Concurrent meetings of URCNA Classis and OPC Presbytery prefigure major assemblies

groupFrom March 15-17, 2018, the URCNA’s Classis Central US and the OPC’s Presbytery of the Midwest held meetings at Community Reformed Church (URCNA) in Schererville, IN, that prefigured the federations’ concurrent major assemblies in a few months.

Classis Central convened at 4:00 PM on Thursday, March 15, and concluded at 6:00 PM on Friday. The Presbytery of the Midwest convened at 8:30 AM on Friday and concluded its business about noon on Saturday. Before and during the overlapping times, delegates and commissioners enjoyed communal worship and meals as well as shared instruction and information.

On Thursday evening, men from both groups attended an educational presentation (open to the public) by Tim Geiger, President of Harvest USA and a Teaching Elder in the PCA.

2 Anderson instrumentalistsFriday morning began with joint opening devotions. Rev. John Vermeer, recently installed at Doon URC in Iowa, spoke from Ephesians 2:11-22. He noted that twisted views of the church inhibit fellowship, but true unity can be found in focusing on Christ. Members of the Community URC congregation provided accompaniment for singing from a Trinity Psalter Hymnal sampler. Rev. James Oord played the piano. Andy Anderson played bass, his son James played cello, and another son Isaiah played violin.

The afternoon began with joint devotions led by Rev. Shane Lems, former pastor and church planter of the URC in Sunnyside, WA, who is now minister of Covenant Presbyterian Church (OPC) in Hammond, WI. From Luke 22:31-34, he spoke about Christ’s intercessory prayer that the faith of believers would not fail.

Dr. Alan Strange reported that printing of the Trinity Psalter Hymnal was scheduled to begin on March 19. Over 30,000 copies had been ordered, about 18,000 by URC churches.

Classis Central US: Colloquium Doctum and emeritation

Classis Central welcomed a minister from another federation and granted concurring advice regarding a minister who is being emeritated.

Jon and Kelli Bushnell
Kelli and Jon Bushnell

The most time-consuming matter on the agenda of Classis Central was a Colloquium Doctum conducted with Rev. Jon Bushnell, minister of First CRC in Prinsburg, MN. Sioux Center URC requested the CD and expressed its intent to proceed with steps for extending a call to him, should he sustain his exam. He did.

“It was extensive, exhausting and extremely encouraging,” Rev. Bushnell observed. “We covered everything from pastoral burn-out to the incomprehensibility of God.”

A humorous moment occurred when Rev. Spencer Aalsburg asked Rev. Bushnell if he would cast a presidential vote for an inexperienced Christian or an experienced non-Christian with good policies.

“It’s hard to say without knowing more,” Rev. Bushnell responded diplomatically. “Is he a Christian in name only? Are you running for president? Because I’d vote for you.”

Rev. Bushnell’s home church is Trinity URC in Visalia, CA. He is a 2011 graduate of Westminster Seminary California and served an internship at Prinsburg prior to accepting the church’s call. His wife, Kelli, is from DeMotte, IN, where she belonged to Immanuel URC. The couple has three young children.

The request for concurring advice in the matter of emeritation came from Immanuel URC in DeMotte, IN, with respect to Rev. Tom Wetselaar, who has served the church since it formed in 1995. Rev. Wetselaar has been a faithful pastor for 30 years and has been in Classis Central the longest of any minister. His struggle with chronic back pain, combined with an unusually heavy burden of full-time pastoral ministry, led to a leave of absence in August and the eventual emeritation. Rev. Wetselaar continues to preach and counsel as opportunity arises and hopes for new avenues of ministry in Christ’s kingdom.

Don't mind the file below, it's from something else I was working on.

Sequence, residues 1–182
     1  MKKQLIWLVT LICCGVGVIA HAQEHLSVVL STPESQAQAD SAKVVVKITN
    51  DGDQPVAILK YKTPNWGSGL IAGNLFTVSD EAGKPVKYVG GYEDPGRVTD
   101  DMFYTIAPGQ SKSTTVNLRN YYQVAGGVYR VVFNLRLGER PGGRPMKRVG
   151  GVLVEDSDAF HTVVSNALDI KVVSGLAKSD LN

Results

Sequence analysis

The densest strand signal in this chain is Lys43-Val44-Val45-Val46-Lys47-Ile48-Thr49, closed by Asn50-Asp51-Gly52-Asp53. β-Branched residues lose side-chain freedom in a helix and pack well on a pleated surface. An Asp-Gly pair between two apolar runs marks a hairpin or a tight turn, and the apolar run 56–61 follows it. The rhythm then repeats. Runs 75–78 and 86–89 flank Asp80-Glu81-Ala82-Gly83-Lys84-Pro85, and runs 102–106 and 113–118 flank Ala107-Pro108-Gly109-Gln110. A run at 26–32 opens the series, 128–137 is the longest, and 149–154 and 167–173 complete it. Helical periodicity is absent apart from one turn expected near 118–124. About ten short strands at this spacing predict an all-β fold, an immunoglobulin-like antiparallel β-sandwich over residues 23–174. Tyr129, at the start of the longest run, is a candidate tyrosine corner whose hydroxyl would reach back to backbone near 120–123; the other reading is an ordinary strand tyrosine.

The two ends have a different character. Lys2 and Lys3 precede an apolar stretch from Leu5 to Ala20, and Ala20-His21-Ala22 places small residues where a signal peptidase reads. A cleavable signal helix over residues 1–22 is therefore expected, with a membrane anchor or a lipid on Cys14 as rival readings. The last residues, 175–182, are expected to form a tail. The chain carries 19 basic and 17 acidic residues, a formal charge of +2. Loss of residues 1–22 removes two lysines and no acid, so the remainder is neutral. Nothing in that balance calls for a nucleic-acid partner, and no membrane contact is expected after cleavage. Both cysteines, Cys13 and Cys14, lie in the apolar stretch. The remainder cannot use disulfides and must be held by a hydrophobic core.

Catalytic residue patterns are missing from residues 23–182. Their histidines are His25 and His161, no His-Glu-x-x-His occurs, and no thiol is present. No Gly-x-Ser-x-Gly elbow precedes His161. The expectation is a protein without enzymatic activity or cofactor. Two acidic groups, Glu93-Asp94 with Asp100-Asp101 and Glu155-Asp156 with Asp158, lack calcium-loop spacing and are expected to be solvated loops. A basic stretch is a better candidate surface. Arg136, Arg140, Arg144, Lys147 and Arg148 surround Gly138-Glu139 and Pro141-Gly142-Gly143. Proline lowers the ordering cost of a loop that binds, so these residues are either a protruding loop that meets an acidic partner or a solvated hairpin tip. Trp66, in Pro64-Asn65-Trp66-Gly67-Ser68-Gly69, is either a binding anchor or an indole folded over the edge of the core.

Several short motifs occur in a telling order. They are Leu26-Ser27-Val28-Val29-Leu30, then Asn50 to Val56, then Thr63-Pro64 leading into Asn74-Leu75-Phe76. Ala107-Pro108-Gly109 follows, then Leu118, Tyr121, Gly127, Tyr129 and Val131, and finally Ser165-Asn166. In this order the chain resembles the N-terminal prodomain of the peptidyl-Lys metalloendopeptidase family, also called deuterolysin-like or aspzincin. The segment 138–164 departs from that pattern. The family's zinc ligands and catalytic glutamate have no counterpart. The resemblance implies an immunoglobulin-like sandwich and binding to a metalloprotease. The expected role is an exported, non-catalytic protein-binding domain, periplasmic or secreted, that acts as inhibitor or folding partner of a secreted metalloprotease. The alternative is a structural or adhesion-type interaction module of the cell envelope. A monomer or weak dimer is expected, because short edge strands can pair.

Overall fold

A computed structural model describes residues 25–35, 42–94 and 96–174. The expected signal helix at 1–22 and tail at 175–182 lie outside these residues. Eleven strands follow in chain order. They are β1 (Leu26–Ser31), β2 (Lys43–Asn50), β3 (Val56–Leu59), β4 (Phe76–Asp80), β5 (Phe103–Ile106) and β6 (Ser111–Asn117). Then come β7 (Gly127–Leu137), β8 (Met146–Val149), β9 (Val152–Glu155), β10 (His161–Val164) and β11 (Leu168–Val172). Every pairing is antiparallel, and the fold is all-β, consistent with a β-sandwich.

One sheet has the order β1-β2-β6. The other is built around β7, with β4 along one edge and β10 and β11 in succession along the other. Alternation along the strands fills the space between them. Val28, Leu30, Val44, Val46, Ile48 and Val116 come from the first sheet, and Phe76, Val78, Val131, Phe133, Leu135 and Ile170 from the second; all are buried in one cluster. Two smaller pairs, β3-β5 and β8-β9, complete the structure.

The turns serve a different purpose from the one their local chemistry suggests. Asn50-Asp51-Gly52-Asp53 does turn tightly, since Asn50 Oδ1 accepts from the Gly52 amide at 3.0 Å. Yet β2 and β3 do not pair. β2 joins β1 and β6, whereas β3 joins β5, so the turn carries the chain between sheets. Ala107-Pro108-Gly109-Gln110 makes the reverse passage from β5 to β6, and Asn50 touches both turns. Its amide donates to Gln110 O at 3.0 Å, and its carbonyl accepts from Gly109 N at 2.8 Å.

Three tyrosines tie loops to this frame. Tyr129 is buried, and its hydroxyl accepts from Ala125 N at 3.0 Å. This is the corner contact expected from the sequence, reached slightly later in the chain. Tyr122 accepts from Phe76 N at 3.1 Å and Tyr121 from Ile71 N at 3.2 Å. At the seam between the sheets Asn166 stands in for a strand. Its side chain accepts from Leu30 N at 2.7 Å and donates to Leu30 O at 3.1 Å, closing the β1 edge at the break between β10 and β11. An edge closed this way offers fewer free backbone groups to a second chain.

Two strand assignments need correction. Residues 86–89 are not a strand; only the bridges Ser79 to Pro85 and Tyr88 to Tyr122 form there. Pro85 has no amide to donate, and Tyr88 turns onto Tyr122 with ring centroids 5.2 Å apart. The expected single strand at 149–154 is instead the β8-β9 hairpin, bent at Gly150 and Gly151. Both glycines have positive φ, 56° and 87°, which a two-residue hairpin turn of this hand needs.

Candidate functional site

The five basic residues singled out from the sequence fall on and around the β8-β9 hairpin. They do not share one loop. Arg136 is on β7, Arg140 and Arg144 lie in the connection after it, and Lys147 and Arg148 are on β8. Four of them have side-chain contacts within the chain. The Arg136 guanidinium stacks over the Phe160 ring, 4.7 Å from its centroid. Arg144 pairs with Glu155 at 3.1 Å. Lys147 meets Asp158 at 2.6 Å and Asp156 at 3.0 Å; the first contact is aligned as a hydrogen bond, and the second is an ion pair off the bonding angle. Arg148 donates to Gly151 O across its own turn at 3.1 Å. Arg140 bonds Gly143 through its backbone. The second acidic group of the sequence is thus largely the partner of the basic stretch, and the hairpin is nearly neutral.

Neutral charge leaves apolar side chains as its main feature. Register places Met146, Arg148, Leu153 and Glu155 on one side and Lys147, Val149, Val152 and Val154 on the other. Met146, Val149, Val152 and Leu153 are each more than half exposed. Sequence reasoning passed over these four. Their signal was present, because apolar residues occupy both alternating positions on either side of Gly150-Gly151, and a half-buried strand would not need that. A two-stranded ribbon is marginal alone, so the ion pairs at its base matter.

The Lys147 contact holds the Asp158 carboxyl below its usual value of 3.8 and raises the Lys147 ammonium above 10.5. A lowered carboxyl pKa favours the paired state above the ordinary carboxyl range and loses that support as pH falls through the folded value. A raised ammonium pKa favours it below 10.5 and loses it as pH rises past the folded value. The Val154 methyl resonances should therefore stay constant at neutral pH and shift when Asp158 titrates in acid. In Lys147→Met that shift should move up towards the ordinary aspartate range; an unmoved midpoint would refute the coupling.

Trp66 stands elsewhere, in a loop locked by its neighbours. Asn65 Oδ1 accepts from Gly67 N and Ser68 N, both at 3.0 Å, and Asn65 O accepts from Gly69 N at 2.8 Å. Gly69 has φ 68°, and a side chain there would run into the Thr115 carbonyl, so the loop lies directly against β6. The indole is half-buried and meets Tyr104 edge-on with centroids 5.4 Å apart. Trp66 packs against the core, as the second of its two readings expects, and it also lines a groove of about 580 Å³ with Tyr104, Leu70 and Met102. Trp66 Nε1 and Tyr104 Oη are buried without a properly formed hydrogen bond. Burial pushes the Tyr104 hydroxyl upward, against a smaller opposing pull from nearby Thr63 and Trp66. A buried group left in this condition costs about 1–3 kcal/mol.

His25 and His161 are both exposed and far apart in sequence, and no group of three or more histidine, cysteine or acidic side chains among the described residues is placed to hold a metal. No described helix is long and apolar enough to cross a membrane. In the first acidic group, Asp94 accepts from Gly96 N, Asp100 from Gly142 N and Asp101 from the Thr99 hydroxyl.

Rev. Jody Lucero chaired the meeting, Rev. John Vermeer served as Vice Chairman, and Rev. Ralph Pontier is Clerk of Classis. Oak Glen URC in Lansing, IL, is scheduled to convene the next meeting of Classis on September 10, 2018.

Presbytery of the Midwest: Exams and expansion

The Presbytery of the Midwest examined several men at various levels and discussed a proposal to expand its geographic bounds.

OPC examsCommissioners approved taking three men under Presbytery care: Ben Bessett from Neenah, WI; Elijah DeJong from Sheboygan, WI; and Carl Gobelman from Joliet, IL. Peter Bringe from Wentzville, MO, preached on Friday morning, and Nathan Strom from St. Paul, MN, preached in the afternoon. Commissioners voted to grant them license to preach in the churches. Andrew Fortenberry, from Hanover Park, IL, was approved for ordination, and Jared van Noord, from Green Bay, WI, was accepted from another denomination.

Commissioners approved sending to the General Assembly a communication regarding Presbytery boundaries in the Great Plains States. The neighboring Presbytery of the Central US contains only four churches and will petition GA to dissolve it and disperse its territories. One of the churches, Faith OPC in Lincoln, NE, wishes to affiliate with the Presbytery of the Midwest. It is anticipated that the Presbytery of the Southwest will receive the other three, which are located in Kansas and Oklahoma. Because some parts of nearby states are closer to Chicago (where the PMW is centered) than to Denver (where the Presbytery of the Dakotas is centered), the communication expresses the willingness of the Presbytery of the Midwest to add specific counties of Nebraska, Missouri, Iowa, Kansas, and South Dakota to its geographical area.

Ben Snodgrass served as Moderator for the Presbytery’s meeting, and Camden Bucey was Vice Moderator. Christian McShaffrey is Stated Clerk, and Bruce Stahl is the Assistant Clerk. Brian De Jong serves as Archivist. The wide range of responsibilities struck Rev. McShaffrey.